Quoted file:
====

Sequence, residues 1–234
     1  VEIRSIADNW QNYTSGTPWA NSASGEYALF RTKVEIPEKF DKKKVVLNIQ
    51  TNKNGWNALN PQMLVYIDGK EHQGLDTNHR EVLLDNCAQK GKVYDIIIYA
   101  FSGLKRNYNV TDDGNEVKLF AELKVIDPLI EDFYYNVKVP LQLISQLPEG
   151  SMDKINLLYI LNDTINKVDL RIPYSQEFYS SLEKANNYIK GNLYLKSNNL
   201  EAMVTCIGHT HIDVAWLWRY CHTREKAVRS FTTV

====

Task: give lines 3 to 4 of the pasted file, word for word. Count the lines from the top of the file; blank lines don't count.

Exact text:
    51  TNKNGWNALN PQMLVYIDGK EHQGLDTNHR EVLLDNCAQK GKVYDIIIYA
   101  FSGLKRNYNV TDDGNEVKLF AELKVIDPLI EDFYYNVKVP LQLISQLPEG